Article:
Not all articles employed such oblique irony. Sometime in 1750, Diderot wrote a provocative entry on the subject of the human âme (soul) that he appended to a much longer article on the same subject, written by the Christian philosopher abbé Claude Yvon. Yvon’s article, which Diderot himself had commissioned, gives a massive, 17,000-word history of the concept of the soul that includes frequent attacks against Spinoza, Hobbes, and the threat of materialism. From Yvon’s Cartesian point of view, the soul is linked to God and, like the deity, is immaterial and immortal; and only humans, as opposed to animals, are blessed with this incorporeal essence. One suspects that, against his better judgment, Diderot simply could not let this lengthy dissertation stand without some sort of rebuttal.

In his supplementary article, which the Jesuits attacked immediately upon its publication, Diderot did not get bogged down in abstruse theological questions. Instead, he asked a far simpler question: if the immaterial soul is supposedly the seat of consciousness and emotion, where does it connect to the body? In the pineal gland, as Descartes had asserted? In the brain? In the nerves? The heart? The blood? Drawing attention to theology’s inability to answer this question, he then went on to demonstrate that the supposed immateriality of consciousness — and the soul — was more tied to the physical world than many people believed. If someone is delivered poorly at birth by a midwife, has a stroke, or is hit violently on the head, says Diderot, “bid adieu to one’s judgment and reason” and “say goodbye” to the supposed transcendence of the soul. Diderot’s critics understood perfectly well what the philosophe was saying in this article: the true location of the soul is in the imagination.

The only other subject more problematic than religion was politics. In a country without political parties, where sedition was punished by sentencing to a galley ship or death, d’Alembert and Diderot never overtly questioned the spiritual and political authority of the monarchy. Yet the Encyclopédie nonetheless succeeded in advancing liberal principles, including freedom of thought and a more rational exercise of political power. As tepid as some of these writings may seem when compared with the political discourse of the Revolutionary era, the Encyclopédie played a significant role in destabilizing the key assumptions of Absolutism.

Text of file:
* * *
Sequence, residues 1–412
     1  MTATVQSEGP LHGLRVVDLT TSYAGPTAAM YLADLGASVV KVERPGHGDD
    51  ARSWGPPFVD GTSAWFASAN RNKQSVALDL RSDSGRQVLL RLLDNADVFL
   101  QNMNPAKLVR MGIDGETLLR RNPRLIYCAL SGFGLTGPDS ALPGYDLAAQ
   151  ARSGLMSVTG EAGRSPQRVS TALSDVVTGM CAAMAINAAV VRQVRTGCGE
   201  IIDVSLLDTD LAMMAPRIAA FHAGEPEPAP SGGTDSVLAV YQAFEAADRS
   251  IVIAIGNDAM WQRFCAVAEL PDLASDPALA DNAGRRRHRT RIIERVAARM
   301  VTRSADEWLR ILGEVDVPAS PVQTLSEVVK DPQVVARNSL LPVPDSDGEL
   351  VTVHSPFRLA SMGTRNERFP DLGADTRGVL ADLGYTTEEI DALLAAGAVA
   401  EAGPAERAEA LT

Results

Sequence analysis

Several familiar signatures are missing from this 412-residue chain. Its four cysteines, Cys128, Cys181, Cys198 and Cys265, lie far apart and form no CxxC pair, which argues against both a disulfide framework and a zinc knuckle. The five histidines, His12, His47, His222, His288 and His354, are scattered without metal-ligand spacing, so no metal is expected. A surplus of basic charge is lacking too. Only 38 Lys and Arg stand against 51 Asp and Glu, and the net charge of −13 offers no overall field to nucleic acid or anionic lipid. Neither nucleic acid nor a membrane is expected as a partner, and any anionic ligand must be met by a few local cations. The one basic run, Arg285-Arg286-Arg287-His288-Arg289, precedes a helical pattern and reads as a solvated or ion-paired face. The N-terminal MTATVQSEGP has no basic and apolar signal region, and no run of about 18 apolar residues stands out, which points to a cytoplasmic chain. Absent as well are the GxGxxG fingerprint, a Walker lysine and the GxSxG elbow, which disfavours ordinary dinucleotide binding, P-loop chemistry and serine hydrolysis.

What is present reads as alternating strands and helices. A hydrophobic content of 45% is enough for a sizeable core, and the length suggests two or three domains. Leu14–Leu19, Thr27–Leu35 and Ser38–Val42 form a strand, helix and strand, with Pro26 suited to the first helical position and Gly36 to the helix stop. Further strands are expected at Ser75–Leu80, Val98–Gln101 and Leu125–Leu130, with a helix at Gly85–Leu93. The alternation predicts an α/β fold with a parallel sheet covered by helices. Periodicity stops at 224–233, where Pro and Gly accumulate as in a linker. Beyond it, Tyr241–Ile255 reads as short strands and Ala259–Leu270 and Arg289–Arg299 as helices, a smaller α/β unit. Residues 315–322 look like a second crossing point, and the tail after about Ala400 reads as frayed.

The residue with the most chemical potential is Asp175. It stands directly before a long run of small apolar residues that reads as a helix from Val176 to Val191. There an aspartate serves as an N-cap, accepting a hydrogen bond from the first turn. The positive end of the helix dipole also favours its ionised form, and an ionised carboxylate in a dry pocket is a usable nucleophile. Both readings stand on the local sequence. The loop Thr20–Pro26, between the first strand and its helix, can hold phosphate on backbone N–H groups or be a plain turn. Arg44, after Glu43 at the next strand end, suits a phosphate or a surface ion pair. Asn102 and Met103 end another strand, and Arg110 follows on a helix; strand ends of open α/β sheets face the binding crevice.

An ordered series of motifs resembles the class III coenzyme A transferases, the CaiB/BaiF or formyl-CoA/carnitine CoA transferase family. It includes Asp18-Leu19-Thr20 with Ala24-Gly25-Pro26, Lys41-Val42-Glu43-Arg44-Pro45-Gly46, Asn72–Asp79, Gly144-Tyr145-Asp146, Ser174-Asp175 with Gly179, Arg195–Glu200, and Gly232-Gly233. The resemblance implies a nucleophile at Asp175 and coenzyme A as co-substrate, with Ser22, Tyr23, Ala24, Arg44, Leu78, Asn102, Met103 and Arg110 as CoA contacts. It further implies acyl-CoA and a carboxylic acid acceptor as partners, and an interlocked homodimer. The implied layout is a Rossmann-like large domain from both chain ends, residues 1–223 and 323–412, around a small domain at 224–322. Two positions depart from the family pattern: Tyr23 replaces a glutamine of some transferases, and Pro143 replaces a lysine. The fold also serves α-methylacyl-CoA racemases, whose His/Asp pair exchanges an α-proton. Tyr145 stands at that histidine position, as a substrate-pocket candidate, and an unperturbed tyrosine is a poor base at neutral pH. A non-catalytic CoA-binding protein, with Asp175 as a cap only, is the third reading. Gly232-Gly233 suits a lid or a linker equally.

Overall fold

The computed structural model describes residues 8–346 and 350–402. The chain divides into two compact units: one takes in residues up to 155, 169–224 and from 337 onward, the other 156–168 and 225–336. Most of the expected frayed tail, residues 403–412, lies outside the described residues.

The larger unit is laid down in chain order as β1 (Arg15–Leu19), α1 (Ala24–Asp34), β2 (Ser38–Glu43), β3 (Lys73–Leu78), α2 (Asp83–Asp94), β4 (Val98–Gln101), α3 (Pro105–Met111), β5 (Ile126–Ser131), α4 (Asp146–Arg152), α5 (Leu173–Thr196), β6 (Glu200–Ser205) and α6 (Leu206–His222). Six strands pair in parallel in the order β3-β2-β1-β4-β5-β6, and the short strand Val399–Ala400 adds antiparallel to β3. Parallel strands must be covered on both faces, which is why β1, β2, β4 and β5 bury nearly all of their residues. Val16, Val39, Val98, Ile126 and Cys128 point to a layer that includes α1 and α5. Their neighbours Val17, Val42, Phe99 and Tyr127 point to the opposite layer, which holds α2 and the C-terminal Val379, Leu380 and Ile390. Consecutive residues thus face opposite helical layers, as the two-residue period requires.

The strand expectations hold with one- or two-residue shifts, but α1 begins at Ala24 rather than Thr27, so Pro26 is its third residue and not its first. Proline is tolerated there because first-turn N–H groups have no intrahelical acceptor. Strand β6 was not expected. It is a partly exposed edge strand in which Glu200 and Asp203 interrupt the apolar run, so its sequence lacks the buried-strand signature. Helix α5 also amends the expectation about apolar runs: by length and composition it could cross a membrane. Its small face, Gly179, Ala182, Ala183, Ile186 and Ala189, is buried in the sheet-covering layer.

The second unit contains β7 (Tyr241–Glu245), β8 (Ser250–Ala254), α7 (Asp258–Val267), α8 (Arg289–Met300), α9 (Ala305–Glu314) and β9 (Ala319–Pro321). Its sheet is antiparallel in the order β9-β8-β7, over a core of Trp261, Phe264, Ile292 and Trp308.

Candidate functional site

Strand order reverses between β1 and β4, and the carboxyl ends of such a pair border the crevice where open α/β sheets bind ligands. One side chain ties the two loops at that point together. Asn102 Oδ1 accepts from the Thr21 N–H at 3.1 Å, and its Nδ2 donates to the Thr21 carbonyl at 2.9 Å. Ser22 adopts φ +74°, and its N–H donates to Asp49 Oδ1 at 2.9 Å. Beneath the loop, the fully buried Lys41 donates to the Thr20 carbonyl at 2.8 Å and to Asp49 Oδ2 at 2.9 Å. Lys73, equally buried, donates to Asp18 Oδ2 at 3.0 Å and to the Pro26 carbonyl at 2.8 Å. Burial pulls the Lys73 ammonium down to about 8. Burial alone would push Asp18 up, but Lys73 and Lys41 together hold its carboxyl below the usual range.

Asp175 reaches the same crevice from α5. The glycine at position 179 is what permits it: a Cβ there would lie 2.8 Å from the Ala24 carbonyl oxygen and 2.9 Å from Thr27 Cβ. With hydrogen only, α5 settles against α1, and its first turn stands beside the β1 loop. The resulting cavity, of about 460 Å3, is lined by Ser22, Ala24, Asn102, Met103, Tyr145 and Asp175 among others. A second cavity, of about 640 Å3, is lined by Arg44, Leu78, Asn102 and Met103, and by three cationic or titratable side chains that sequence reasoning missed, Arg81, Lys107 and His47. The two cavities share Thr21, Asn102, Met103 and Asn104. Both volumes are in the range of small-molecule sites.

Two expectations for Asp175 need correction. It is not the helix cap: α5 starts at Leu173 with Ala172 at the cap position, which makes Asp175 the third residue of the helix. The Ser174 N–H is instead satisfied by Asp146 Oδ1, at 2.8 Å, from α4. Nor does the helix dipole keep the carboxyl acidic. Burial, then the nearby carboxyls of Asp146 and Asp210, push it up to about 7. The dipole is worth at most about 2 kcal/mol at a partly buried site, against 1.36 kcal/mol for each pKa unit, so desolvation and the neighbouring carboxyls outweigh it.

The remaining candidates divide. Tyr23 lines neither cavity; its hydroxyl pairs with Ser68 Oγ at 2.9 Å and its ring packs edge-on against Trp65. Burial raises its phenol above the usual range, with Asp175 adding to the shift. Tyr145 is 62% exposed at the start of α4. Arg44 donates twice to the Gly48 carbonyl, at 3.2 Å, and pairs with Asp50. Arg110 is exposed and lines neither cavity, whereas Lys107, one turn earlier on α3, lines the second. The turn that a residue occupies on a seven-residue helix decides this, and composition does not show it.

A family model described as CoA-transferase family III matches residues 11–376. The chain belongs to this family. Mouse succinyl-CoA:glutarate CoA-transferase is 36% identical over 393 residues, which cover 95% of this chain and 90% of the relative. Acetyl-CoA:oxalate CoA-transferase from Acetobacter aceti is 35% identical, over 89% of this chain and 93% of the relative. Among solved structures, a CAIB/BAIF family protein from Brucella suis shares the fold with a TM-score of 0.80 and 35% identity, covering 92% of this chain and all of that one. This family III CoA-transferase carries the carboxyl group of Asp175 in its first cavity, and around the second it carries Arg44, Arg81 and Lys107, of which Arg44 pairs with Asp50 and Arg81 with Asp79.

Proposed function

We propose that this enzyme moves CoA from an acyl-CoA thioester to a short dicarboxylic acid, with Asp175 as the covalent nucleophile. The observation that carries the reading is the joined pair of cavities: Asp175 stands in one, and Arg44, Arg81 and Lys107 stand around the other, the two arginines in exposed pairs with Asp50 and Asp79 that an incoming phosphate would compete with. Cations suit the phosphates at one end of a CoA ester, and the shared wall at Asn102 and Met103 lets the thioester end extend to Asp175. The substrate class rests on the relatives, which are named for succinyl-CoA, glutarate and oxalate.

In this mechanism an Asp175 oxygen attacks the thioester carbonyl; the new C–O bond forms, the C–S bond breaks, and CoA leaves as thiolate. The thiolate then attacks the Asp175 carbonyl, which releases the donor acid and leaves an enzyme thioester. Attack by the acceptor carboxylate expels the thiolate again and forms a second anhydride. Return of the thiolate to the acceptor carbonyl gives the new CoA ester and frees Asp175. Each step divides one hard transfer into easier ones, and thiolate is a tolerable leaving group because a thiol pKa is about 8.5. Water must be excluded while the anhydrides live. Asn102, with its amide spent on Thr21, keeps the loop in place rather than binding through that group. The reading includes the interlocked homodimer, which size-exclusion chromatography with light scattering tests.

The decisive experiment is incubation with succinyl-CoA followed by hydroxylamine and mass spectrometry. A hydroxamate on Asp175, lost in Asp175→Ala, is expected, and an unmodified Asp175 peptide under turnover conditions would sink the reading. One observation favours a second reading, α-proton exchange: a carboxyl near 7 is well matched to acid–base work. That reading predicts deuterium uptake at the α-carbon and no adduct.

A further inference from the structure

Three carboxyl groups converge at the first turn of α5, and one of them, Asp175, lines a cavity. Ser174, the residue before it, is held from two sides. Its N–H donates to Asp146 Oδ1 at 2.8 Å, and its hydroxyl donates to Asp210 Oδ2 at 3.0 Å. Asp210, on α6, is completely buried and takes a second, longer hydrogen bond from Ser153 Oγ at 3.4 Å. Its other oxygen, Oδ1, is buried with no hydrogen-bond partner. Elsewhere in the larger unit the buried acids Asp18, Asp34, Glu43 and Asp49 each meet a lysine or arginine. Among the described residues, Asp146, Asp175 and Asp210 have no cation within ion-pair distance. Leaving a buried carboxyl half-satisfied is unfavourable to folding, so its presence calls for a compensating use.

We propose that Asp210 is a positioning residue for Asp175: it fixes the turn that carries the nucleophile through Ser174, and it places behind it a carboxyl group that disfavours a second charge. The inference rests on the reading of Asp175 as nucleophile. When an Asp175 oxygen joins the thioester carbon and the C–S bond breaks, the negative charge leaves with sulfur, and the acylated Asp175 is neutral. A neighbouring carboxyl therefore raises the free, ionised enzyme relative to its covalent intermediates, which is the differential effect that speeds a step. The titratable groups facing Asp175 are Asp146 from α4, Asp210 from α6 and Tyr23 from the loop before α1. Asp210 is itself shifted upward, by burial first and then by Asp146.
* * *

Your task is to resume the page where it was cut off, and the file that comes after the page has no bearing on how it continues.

Diderot’s most direct and dangerous entry in this vein was his unsigned article on “Political Authority” (“Autorité politique”), which also appeared in the first volume of the Encyclopédie. Readers who chanced upon this article immediately noticed that it does not begin with a definition of political authority itself; instead, it opens powerfully with an unblemished assertion that neither God nor nature has given any one person the indisputable authority to reign.

political authority: No man has received from nature the right to command other men. Freedom is a gift from the heavens, and each individual of the same species has the right to enjoy it as soon as he is able to reason.

Autorité politique” did more than simply challenge the idea that a monarch derives his political legitimacy from the will of God. Anticipating what Rousseau would write several years later in the much more famous Discourse on Inequality (1755), Diderot goes on to recount the origins of political power and social inequality as arising from one of two possible sources, either “the force or violence” of the person who absconded with people’s freedom, which was Hobbes’s view, or the consent of the subjugated group through established contract, which came from Locke. While Diderot does not contradict the right of the French kings to rule directly — he later goes on to praise Louis XV — he also puts forward the perilous idea that the real origin of political authority stems from the people, and that this political body not only has the inalienable right to delegate this power, but to take it back as well. Forty years later, during the Revolution, the most incendiary elements of “Autorité politique” would provide the skeleton for the thirty-fifth and last article of the 1793 Declaration of the Rights of Man and of the Citizen, which asserted not only the sovereignty of the people, but the right to resist oppression and the duty to revolt.

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Andrew S. Curran is the William Armstrong Professor of the Humanities at Wesleyan University. The author of two previous books, Sublime Disorder: Physical Monstrosity in Diderot’s Universe and The Anatomy of Blackness: Science and Slavery in an Age of Enlightenment, Curran is a Fellow in the history of medicine at the New York Academy of Medicine and a Chevalier dans l’Ordre des Palmes Académiques.

Excerpted from Diderot and the Art of Thinking Freely, by Andrew S. Curran, published by Other Press on January 15, 2019. Copyright © Andrew S. Curran. Reprinted by permission of Other Press.

Longreads Editor: Dana Snitzky